What were the most significant employment case law decisions in 2016? Stephen Simpson counts down the 10 most important judgments for employers this year.
The Employment Appeal Tribunal (EAT) has held that where an employee is dismissed for misconduct following an earlier warning that the tribunal has found to be manifestly inappropriate, the tribunal must examine the weight the employer attached to that warning in deciding whether or not the decision to dismiss was within the range of reasonable responses.
This employment tribunal held that an employer fairly dismissed an employee who refused to do overtime as required under her contract of employment and whose protests at being asked to do so caused discontent among her fellow workers.
An employee's contract states that she must work extra hours if needed. The employer asks everyone to work some Saturdays in the run up to Christmas. The employee flatly refuses. Should she be disciplined? That was the dilemma in Edwards v Bramble Foods Ltd.
Updated to include information on Khan v Stripestar Ltd, in which the EAT considered the extent to which a defective disciplinary process can be cured through an appeal; and Grayson v Paycare concerning the correct approach to a Polkey reduction.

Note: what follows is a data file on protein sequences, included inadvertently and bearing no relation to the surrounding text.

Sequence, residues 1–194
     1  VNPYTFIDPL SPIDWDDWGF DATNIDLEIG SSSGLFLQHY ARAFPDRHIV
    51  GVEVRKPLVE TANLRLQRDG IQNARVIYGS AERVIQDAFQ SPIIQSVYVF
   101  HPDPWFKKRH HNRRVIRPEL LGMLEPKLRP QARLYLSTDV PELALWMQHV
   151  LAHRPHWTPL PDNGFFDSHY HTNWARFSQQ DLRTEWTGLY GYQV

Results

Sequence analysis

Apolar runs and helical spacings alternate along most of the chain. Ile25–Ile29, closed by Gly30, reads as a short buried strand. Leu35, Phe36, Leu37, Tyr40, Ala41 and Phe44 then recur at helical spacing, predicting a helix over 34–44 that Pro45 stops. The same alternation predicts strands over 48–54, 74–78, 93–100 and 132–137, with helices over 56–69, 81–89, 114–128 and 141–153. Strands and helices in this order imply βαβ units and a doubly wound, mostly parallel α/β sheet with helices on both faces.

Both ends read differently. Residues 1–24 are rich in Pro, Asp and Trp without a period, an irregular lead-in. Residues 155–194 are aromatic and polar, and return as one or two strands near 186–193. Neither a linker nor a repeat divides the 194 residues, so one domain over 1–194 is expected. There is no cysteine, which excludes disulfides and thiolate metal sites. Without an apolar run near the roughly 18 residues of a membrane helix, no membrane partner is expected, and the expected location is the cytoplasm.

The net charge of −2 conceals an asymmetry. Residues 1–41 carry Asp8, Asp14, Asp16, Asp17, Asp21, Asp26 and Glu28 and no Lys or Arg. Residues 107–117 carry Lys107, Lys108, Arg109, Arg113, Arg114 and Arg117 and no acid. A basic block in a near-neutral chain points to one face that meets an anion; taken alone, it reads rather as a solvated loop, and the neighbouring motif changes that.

An employment tribunal has held that an experienced employee should have appreciated the seriousness of breaching his employer's hygiene rules and it was appropriate for the employer to dismiss him.
So far in 2016, there have been notable employment law cases on: holiday pay; childcare vouchers; social media at work; fraudulent sick leave; and reasonable adjustments for disabled people.
Employers need to tread carefully in situations where disparity of treatment arises. Natalie Jeffries, an associate from Burges Salmon, looks at the lessons from key cases where employees in an organisation were dealt with differently for the same types of misconduct.
An employment tribunal has held that an employer fairly dismissed an employee for using a racist term in the presence of white colleagues. The tribunal was unimpressed with the claimant's arguments that he did not realise anyone was listening, did not intend to offend, and the word is "street talk" where he lives.
After a mistake by a private security company during a training exercise led to a fake bomb being left in a toilet at Old Trafford, we explore the legal position for employers when an employee makes a single serious mistake at work.
HR and legal information and guidance relating to dismissals for a reason relating to conduct.